Minnesotans experience weather in extremes from deep freezes to heat waves — which means your cooperative must be prepared year‐round to keep electricity flowing to homes, farms, and businesses no matter what Mother Nature throws our way.
Extreme hot or cold weather can stress the electric grid, and current world economic conditions can make the energy market volatile. The good news is that MVEC, its wholesale power providers, and the regional power market have a plan.
It’s our goal to be transparent and provide our members with the information you need to understand costs and how they affect the cooperative and you.
Cost-of-Service study this fall
MVEC rates have been stable since 2016 and are cost-competitive with local municipal utilities and Xcel Energy, an investor-owned utility. MVEC monitors the cost competitiveness of our rates compared to others. As we look ahead, a variety of factors may cause us to increase our rates. MVEC will conduct a Cost-of-Service study this fall. An outside rate consultant will review our electric rates to make sure the co-op has enough revenue for the cooperative to cover its expenses and meet our lenders’ margin requirements. The study also determines whether the cost to provide service to our various member types, both in total and by individual rate classes, are fair and equitable. As we learn the results of the cost-of-service study, information will be posted on this page.
By Ryan Hentges, CEO
This summer, we’ve talked about the ups and downs of the energy market. Fortunately, the regional electric system weathered the summer’s heat just fine for a variety of reasons. MVEC members helped through your voluntary participation in load control Energy Wise and generator programs and member-driven conservation efforts. Prices, however, continue to rise for virtually all goods and services, including electricity. We see the impacts while shopping, at the gas pump and when paying bills.
Electric bill impact
Your MVEC electric bill varies each month and is impacted by the number of days in the billing cycle, weather, appliance use, household size, and more. Several years ago, MVEC separated costs on your bill to provide additional clarity to the underlying items which impact your monthly bill. The Cost to Generate (wholesale power) is the co-op’s largest cost and makes up nearly 70 percent of MVEC’s budget. It includes the Wholesale Power Cost Adjustment (WPCA). In August, I mentioned a slight WPCA increase that averaged $3. This is a pass-through from power providers and covers variances in fuel and other commodity prices. Sometimes it is a bill addition, or it can be a reduction too.
The Cost to Deliver (MVEC) covers delivery, inventory, facilities, and our workforce. This also includes the $10 basic monthly service charge. Think of it like a membership fee. It covers the cost of maintaining power lines, transformers, and substations to make sure electricity is always available to you whether you use it or not. Our basic service charge is competitive with other local utilities.
MVEC members use the most electricity in the summer largely due to air conditioning load. This results in higher costs in the summer months (June – September when rates = 12.5¢/kWh) because energy demand levels are higher than in the winter months (October – May rates which = 11.7¢/kWh). Energy Wise programs (see below) can reduce your monthly bill. If you’re not sure whether you participate in Energy Wise, check the front of your electric bill. It will either show your savings or say you’re not participating, as shown at right.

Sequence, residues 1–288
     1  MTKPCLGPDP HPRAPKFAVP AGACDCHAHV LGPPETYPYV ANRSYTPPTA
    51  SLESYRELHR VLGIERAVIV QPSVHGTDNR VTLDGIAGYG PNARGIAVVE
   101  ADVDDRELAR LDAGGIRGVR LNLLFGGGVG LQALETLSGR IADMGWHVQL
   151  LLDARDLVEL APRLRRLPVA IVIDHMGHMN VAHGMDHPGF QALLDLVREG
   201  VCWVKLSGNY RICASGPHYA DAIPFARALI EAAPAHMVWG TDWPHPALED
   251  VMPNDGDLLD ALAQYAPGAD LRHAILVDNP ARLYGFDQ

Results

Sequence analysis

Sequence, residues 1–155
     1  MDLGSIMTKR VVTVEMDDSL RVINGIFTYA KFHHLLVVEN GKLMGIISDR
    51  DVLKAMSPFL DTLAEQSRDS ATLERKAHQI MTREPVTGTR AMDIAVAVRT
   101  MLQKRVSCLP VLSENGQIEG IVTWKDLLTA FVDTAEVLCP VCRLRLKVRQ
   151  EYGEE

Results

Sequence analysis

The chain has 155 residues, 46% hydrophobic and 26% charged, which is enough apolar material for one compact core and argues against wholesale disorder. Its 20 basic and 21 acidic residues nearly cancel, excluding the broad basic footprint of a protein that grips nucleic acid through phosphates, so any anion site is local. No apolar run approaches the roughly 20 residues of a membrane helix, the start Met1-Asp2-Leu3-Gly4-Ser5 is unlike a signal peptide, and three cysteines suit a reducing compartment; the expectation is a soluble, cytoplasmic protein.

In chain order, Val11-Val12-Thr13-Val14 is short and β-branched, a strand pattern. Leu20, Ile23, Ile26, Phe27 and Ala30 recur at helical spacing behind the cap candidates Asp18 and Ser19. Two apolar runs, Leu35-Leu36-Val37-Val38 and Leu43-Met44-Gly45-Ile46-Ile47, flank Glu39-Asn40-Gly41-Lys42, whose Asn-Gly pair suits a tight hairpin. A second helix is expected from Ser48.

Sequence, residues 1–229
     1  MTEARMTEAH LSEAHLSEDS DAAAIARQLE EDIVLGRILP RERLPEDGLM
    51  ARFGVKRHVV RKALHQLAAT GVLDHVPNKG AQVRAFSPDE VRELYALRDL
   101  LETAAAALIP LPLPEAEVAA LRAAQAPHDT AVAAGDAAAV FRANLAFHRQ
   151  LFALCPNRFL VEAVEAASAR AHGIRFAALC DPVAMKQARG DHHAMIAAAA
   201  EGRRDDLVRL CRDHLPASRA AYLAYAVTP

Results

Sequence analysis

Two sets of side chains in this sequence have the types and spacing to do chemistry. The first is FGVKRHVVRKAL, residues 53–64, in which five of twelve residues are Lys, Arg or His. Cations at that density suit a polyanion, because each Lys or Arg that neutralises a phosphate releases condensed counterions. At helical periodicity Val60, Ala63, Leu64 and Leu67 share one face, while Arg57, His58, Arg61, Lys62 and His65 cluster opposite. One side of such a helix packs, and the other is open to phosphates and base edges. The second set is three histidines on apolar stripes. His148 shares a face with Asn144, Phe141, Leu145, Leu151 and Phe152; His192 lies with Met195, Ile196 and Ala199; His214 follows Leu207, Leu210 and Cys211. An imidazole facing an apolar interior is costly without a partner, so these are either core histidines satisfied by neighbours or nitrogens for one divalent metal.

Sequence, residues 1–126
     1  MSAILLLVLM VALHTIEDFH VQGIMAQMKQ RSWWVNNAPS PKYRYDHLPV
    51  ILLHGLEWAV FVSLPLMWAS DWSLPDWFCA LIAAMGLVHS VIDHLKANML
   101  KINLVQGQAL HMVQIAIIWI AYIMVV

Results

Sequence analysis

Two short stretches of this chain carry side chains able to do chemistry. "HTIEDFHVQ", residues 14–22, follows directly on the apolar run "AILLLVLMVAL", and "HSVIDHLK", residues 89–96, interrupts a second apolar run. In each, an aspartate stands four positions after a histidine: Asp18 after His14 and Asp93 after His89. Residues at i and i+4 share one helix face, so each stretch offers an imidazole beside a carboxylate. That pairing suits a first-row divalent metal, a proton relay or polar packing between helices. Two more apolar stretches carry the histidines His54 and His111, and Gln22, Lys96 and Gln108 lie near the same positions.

By Ryan Hentges, CEO
Summer is here, and June quickly ushered in extremely hot temperatures, bringing attention to conservation efforts, grid reliability challenges, and higher electric usage due to cooling systems running nonstop to keep homes and businesses comfortable. Many things are happening in the energy industry. Below is a quick cooperative update.
Thanks for your energy conservation efforts, it helps you and the co-op save money.
The most notable day of heat in June was on the 20th, topping off at 101 degrees. We asked members to conserve electricity and shift usage after the energy rush hour of 3-9 p.m. And that’s exactly what many of you did.
MISO and MVEC systems performed well in June.
In June, there was adequate generation in the Midcontinent Independent System Operation (MISO) market, our region’s energy traffic controller. MISO monitors the electric grid system’s performance and reliability.
When this occurs, MVEC schedules various voluntary, member load control programs called money-saving Energy Wise or generator programs. A big thanks to members participating. Not only do you receive a lower electric rate or a monthly discount, but it also helps MVEC lessen high-cost peaks in energy demand and helps to maintain balance on the power grid.
Summer heat impacts your electric bill
Needless to say, despite conservation efforts, energy and fuel prices are impacting the co-op’s wholesale power costs – due to world events beyond our control. On your July electric bill, residential members saw a slight increase in the Wholesale Power Cost Adjustment (WPCA), averaging around $3. Because the WPCA is expected to continue to increase through 2022 into 2023, your Board of Directors voted to spread those costs over 12 months versus the usual three months to lessen the monthly impact.